Moody’s Ratings Reprieve

Moodys Hold Off Further Downgrade

International rating agency Moody’s has decided to adjust their rating of SA from a negative outlook to a stable one.

The decision follows what they have identified as many recent positive steps in politics and the economy and keeps SA from being totally slated as Junk by all 3 of the top rating agencies. Currently, Fitch & S&P do not share Moody’s slight optimism but it will be interesting to see if that changes in the near future.

Moody’s has left SA at Baa3 (with a stable outlook) which is the worst of the investment grading levels (barely above the “junk” don’t invest level). This means that SA then has a similar rating to other countries such as Indonesia and Romania.

A negative outlook means that in all likelihood a rating will drop the next time they review it, while a stable one looks set to stay the same and the hoped-for positive outlook indicates that in the future it is likely that the rating agency would increase the rating. While circumstances can dramatically change the rating these small indicators (neg/stable/pos) do help investors see where the agency thinks things are likely to go and influence investment.

Positive Factors

Recent Political leadership changes, as well as a cleaning of house by the new leadership, have been said to have impressed Moody’s. Added to that is above expected economic performance. While the VAT increase and new fuel levies were not met with much enthusiasm locally it seems that from an income perspective the rating agency sees the practicality of the move and predict it will help government greatly.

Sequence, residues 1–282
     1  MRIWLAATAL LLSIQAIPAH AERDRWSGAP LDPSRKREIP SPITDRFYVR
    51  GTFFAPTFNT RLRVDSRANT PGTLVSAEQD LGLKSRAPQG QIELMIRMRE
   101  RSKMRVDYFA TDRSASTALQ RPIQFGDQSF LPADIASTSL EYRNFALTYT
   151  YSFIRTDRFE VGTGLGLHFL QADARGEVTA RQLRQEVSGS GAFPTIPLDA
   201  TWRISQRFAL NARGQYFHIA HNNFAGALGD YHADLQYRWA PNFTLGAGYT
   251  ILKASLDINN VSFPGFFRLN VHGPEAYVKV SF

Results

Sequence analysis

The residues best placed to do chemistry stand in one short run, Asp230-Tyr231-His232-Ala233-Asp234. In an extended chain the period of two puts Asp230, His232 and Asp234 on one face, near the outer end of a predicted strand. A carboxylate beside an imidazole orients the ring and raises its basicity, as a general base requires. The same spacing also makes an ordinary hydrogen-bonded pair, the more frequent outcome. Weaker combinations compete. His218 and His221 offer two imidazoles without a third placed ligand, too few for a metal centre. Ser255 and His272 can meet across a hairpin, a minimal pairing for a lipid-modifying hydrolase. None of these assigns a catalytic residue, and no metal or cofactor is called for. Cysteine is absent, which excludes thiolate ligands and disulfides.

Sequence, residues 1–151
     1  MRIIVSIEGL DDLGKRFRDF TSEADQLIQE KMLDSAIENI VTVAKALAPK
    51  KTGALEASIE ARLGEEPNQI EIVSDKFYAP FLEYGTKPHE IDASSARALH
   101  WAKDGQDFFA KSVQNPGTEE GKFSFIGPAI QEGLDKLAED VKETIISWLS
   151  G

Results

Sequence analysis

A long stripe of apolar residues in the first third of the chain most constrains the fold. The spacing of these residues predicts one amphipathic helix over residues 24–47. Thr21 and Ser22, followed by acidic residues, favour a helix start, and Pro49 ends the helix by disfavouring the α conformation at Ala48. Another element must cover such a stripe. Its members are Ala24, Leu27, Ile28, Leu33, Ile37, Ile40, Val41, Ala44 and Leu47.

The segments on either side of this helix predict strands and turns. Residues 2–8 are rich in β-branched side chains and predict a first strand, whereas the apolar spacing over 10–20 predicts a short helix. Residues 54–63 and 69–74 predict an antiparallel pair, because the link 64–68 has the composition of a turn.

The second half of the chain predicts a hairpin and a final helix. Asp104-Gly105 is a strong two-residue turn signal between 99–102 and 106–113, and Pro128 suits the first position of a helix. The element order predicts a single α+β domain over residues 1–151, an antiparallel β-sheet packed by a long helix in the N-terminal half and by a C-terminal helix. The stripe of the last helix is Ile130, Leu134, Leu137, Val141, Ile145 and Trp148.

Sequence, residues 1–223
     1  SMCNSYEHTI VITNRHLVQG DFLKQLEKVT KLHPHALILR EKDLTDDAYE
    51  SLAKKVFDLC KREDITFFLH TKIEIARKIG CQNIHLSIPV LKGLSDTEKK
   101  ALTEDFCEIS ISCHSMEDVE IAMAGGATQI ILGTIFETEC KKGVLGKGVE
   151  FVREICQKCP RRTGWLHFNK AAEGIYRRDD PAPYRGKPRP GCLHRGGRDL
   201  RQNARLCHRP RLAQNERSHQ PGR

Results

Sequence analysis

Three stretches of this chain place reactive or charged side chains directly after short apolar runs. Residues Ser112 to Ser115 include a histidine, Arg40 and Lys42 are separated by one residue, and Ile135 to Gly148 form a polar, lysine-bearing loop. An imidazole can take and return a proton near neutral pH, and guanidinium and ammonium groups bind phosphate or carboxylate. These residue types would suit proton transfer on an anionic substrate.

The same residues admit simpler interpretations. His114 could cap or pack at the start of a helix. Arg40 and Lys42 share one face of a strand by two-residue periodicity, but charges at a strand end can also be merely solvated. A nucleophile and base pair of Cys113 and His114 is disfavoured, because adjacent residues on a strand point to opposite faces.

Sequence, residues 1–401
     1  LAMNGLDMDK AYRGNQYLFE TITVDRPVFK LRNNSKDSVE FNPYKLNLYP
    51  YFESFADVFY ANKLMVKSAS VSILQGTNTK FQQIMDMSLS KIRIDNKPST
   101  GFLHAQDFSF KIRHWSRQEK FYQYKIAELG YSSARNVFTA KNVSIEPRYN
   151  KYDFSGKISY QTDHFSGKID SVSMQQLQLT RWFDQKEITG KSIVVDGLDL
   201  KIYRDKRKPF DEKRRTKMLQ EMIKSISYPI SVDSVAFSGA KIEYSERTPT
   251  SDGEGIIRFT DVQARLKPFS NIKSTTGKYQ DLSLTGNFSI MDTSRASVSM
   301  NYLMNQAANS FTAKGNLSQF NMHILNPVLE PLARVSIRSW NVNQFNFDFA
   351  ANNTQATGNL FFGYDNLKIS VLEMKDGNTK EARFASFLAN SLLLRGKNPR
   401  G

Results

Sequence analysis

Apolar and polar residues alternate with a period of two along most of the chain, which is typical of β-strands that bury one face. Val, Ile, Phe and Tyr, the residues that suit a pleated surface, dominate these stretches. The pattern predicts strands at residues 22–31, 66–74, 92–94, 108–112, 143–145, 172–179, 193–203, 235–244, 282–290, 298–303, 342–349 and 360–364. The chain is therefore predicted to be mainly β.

Also, a positive factor has been developments around the mining charter where a lot of uncertainty and conflict has been in play recently. Amazingly the moves with regards to reevaluating land expropriation without compensation did not totally frighten the rating agency into immediately junking SA’s rating.

Good News

Maintaining the Baa3 rating allows SA to stay within the band allowed within the Citi World Government Bond Index. This is good as dropping out will cost SA an estimated R100 Billion (approx) while staying in keeps that investment in play (for now).

The Rand performed well regaining some of its recent shine as it climbed 2% against the Dollar (making it a 5% climb so far this year).

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